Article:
A list of peptides is included in Table I, however one skilled in the art would know this list is not complete and one could contemplate and produce additional peptides, analogues and derivatives. Enkephalin was isolated from mammalian brains and found to be a mixture of two pentapeptides which differ only in the amino acid present at the 5-position. The two pentapeptides are methionine enkephalin (also known as met-enk or met-enkephalin) and leucine enkephalin (also known as leu-enk or leu-enkephalin). Met-enkephalin has an amino acid sequence of Tyr-Gly-Gly-Phe-Met and leu-enkephalin has an amino acid sequence of Tyr-Gly-Gly-Phe-Leu wherein the Tyr, Met and Leu residues are all L-amino acids. The tyrosine moiety is important for activity and probably corresponds to the 3-hydroxyl group on the morphine molecule. Proenkephalin A is the precursor for met-enkephalin, leu-enkephalin and several other larger peptides. The structure of proenkephalin A contains four copies of met-enkephalin and one copy of leu-enkephalin, along with a heptapeptide (met-enk-Arg-Phe) and an octapeptide (met-enk-Arg-Gly-Leu). A series of peptides containing met-enkephalin at the N-terminus also possess opioid activity, and include peptide F and peptide E. Peptide F contains two met-enkephalin sequences one at each end, while peptide E contains met-enkephalin at the N-terminus and leu-enkephalin at the C-terminus.

In addition to naturally occurring enkephalins, enkephalin analogues and derivatives are known in the art, including, for example, derivatives and analogues which are specific for different types of opiate receptors. (Hruby and Gehrig (1989) Medicinal Research Reviews 9:343-401). Furthermore, enkephalin peptides can be modified by replacement and/or modification of specific amino acids, as it is known in the art that these modifications decrease the rate of hydrolysis and degradation of enkephalins by proteases.

β-endorphin is a 31-amino acid peptide formed from a larger precursor, pro-opiomelanocortin. β-endorphin contains a tetrapeptide sequence (Tyr-Gly-Gly-Phe) which is common to the enkephalin peptides and this tetrapeptide sequence appears to be essential to the function of these peptides. α-endorphin is a 16-amino acid peptide that is also formed from precursor pro-opiomelanocortin.

Dynorphins are another class of endogenous opioids that exist in multiple forms in the central nervous system. Dynorphins derive from precursor prodynorphin (proenkephalin B). Dynorphin, also known as Dynorphin A1-17, is a well-known opioid peptide that has the sequence Tyr-Gly-Gly-Phe-Leu-Arg-Arg-Ile-Arg-Pro-Lys-Leu-Lys-Trp-Asp-Asn-Gln. Smaller peptides such as dynorphin A1-8 and three leu-enkephalins are also contained within proenkephalin B and are abundant in the neural lobe of the pituitary gland. Dynorphin A1-13 has been found in the striatonigral pathway and may provide a feedback mechanism for regulating dopaminergic activity in the striatum.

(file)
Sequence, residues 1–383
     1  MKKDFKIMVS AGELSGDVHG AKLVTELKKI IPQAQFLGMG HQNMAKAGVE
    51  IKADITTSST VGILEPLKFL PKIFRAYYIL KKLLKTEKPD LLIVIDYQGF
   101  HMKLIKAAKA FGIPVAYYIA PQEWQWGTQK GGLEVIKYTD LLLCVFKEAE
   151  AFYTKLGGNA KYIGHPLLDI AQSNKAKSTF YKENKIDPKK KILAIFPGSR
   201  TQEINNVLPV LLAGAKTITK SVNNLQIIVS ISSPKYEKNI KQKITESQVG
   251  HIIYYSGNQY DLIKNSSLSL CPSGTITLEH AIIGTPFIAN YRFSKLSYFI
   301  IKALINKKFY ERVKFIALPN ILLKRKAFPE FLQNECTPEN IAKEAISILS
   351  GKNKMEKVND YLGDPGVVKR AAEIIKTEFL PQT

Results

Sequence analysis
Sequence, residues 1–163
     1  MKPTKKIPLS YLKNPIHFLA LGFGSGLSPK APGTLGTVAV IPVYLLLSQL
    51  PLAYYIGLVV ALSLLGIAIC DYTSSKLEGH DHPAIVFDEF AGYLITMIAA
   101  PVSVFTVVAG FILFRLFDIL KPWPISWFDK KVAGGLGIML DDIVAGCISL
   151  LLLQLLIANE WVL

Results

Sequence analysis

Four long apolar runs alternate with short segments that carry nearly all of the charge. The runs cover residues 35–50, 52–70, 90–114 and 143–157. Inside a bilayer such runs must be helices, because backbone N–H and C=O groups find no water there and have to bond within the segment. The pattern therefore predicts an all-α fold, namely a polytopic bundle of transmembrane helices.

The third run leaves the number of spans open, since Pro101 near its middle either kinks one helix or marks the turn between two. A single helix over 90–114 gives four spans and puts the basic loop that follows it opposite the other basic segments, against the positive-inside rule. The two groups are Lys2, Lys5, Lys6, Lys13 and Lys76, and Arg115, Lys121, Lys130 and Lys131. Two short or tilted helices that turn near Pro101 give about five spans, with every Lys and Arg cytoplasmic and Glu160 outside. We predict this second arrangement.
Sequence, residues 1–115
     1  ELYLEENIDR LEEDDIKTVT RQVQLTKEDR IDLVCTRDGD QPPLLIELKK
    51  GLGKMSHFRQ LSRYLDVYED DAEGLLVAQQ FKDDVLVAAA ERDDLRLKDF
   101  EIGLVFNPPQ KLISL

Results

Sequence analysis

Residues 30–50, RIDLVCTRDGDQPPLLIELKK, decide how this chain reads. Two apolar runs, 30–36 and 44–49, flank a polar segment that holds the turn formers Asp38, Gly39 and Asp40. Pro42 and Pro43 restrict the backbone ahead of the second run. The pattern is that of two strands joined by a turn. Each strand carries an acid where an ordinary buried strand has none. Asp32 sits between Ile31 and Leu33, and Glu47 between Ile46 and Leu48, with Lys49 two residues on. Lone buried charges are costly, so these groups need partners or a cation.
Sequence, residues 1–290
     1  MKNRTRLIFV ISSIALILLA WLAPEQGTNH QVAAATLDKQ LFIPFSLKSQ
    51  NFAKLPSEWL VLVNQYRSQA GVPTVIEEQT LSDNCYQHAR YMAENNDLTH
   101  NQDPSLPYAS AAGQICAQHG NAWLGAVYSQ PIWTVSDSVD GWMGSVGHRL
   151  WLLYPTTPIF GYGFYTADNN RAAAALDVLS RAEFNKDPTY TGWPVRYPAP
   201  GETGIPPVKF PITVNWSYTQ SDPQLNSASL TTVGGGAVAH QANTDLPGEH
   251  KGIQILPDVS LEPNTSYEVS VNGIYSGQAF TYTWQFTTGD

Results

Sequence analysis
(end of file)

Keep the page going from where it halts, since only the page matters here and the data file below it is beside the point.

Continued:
Endomorphins are amidated tetrapeptides and are structurally unrelated to the other endogenous opioid peptides. Two peptides, endomorphin-1 and endomorphin-2 have been isolated from mammalian brain. Both peptides have similar characteristics including analgesia against heat stimuli, mechanical stimuli and inflammatory and neuropathic pain. (Zadina et al. (1997) Nature 386:499-502; Hackler et al. (1997) Peptides 18:1635-1639)

Casomorphin peptides are novel opioid peptides derived from casein. Beta-casomorphins are the more extensively studied opioid peptides arising from the proteolytic breakdown of food proteins. The β-casomorphin peptide, Tyr-Pro-Phe-Pro-Gly-Pro-Ile was originally isolated from bovine beta-casein, and subsequently peptides with the same sequence were identified originating from ovine and buffalo beta-caseins. A human beta-casomorphin has been identified and has two amino acid differences from the bovine sequence, Tyr-Pro-Phe-Val-Glu-Pro-Ile. Several other casomorphin peptides have been isolated including β-casomorphin 1-3, β-casomorphin 1-4, β-casomorphin 1-5 and β-casomorphin 1-8.

Dermorphin is a seven amino acid peptide, originally isolated from Phylomedusa sauvagei frog skin. It is a ligand which binds with high affinity to the mu opioid receptor and has many biological roles including analgesia, endocrine modulation, immunomodulation, increased K+ conductance and inhibition of action potentials.

Oxytocin is a nine amino acid cyclic peptide hormone that is released from the posterior lobe of the pituitary gland and stimulates the contraction of smooth muscle of the uterus during labor and facilitates release of milk from the breast during nursing. Studies have shown that oxytocin can also play an important role in nociceptive modulation. The mu receptors as well as oxytocin receptors appear to be the predominant receptor bound by oxytocin and that they both are involved in oxytocin's physiological effects. (Wang et al. (2003) Regul. Pept., 115:153-159; Zubrzycka et al. (2005) Brain Res. 1035:67-72).